What financial relief can families with disabled children in the UK get? And how should they go about accessing it? Does a child need a formal diagnosis for a family to make a claim? What changes have there been to the benefits system since the pandemic? To explore these questions and more, Variety Pod-Ability host Dave King is joined by Carlos Hagi, a senior welfare benefits adviser, and Mark Arnold, whose son James has a range of additional needs.
Looking after the mental health and emotional wellbeing of children with special educational needs and disabilities under lockdown
We explore what impact the coronavirus crisis is having on the mental health of children with disabilities, and how parents can look after their children’s emotional wellbeing at home during the lockdown, while responding in a way that builds their children’s emotional resilience.
What impact is the current coronavirus lockdown situation having on your child with sensory difficulties? And how can you manage these issues at home? Pod-Ability host, Dave King, is joined remotely over Skype byÂ Zoe Mailloux, an occupational therapist and internationally-renowned expert in the area of sensory integration, andÂ Michael and Paul Atwal-Brice, parents to twins Levi and Lucas, both of whom have autism.
While some children’s disabilities, like cerebral palsy, are visible at first glance, others, such as ADHD, are not immediately apparent. And of course, many disabled children have a mix of both. Some would argue that disability ultimately sits on a spectrum with regard to how noticeable it is. In this episode, we explore how you can go about finding the parenting approach that fits best, wherever your child sits on the visible/invisible disability spectrum.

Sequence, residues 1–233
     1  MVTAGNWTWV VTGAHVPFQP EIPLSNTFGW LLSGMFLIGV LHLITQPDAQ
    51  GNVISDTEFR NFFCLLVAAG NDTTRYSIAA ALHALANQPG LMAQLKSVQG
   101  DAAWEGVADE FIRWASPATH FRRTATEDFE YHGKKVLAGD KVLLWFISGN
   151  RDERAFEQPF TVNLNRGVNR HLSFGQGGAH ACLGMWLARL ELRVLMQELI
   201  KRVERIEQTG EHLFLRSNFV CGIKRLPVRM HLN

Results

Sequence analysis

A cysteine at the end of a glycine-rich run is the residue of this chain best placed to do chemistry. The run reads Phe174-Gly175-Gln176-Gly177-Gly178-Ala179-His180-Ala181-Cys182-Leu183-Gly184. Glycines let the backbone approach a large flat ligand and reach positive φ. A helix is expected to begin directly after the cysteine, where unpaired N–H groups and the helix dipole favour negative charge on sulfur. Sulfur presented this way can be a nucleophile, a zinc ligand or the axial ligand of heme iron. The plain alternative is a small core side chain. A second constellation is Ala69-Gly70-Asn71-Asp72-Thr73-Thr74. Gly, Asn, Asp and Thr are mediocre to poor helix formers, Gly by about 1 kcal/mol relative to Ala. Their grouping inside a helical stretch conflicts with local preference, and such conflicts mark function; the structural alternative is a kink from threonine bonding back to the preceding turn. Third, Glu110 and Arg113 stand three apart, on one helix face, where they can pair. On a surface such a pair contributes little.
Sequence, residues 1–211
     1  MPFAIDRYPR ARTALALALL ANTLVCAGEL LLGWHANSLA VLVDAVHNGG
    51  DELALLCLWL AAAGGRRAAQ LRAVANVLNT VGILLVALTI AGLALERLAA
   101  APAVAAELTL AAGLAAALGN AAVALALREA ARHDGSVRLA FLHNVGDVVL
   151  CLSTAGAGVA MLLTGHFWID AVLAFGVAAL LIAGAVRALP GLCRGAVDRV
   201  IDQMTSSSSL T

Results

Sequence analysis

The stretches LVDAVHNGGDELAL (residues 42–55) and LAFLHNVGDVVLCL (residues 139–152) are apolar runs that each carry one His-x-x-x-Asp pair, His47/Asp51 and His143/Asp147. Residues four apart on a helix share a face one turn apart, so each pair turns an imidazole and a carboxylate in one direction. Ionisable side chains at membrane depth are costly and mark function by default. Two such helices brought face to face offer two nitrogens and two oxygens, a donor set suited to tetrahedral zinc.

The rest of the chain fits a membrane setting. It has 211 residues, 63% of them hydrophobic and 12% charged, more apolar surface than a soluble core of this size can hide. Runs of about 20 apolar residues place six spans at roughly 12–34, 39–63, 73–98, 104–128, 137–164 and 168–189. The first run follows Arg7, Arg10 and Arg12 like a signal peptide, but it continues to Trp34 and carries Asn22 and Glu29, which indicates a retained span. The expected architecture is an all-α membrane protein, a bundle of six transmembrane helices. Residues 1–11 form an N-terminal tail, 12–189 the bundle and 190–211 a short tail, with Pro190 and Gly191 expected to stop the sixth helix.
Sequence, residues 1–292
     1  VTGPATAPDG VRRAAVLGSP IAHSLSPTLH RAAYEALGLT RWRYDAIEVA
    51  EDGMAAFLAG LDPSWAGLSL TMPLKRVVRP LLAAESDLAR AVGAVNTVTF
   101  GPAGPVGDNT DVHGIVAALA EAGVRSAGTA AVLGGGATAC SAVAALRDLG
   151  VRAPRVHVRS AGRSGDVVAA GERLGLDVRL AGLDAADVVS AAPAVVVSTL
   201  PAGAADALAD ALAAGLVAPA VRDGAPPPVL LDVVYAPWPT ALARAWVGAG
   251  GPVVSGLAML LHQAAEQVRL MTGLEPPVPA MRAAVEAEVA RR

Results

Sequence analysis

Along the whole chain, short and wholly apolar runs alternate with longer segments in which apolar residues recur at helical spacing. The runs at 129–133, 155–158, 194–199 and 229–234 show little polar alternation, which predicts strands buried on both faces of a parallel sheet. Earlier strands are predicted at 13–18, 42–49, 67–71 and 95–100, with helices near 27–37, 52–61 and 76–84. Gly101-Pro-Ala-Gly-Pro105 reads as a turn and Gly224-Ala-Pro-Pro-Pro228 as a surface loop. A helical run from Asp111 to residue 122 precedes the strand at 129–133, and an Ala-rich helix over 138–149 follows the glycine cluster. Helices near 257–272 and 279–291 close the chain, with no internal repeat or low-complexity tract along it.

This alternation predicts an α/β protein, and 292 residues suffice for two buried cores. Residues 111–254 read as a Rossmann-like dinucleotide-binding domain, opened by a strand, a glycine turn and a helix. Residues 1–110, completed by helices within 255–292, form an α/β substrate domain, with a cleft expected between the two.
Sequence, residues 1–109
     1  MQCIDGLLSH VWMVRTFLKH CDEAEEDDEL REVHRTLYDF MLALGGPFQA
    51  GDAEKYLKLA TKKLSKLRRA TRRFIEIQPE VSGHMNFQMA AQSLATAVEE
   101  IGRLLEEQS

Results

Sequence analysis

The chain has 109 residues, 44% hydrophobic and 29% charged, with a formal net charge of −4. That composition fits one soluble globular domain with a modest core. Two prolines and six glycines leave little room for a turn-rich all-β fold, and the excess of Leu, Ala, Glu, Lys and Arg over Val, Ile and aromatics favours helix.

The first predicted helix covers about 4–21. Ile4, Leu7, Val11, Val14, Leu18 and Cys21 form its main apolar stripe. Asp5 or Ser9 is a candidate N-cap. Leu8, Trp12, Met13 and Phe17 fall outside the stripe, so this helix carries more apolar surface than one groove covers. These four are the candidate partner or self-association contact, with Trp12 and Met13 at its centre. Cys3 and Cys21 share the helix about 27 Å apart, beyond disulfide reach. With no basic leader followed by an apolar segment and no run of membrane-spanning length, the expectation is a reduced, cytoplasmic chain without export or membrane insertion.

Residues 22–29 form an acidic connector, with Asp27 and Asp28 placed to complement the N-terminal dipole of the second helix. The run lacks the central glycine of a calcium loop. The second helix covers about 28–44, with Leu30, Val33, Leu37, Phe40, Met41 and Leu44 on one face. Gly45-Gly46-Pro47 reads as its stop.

Caring for a child with a disability can be overwhelming. Alongside this, parents and families of children with disabilities tend to be faced with a continuous barrage of complex challenges. These include social isolation, difficulty finding resources and major financial strain. But what is the impact of non-stop care-giving on their mental health? And how can they ensure their psychological wellbeing?
When disabled children want to shop, or enjoy leisure activities like the cinema, they face barriers like blocked aisles, a lack of wheelchair ramps, buildings without lifts, inaccessible toilets and no step-free access. Meanwhile, for learning-disabled children or those on the autistic spectrum, a city environment can be a sensory minefield. In this episode we look at what parents of disabled children can do to get their child the best access to leisure activities and shopping experiences.
What school you send your child to is one of the most important decisions any parent needs to make. But if your child has special educational needs and disability, or SEND as it’s more commonly known, this decision is even more daunting. Mainstream schools and SEND schools both have their pros and cons. In this episode, we’re going to look at education for disabled children and ask how you can decide what’s best for your child.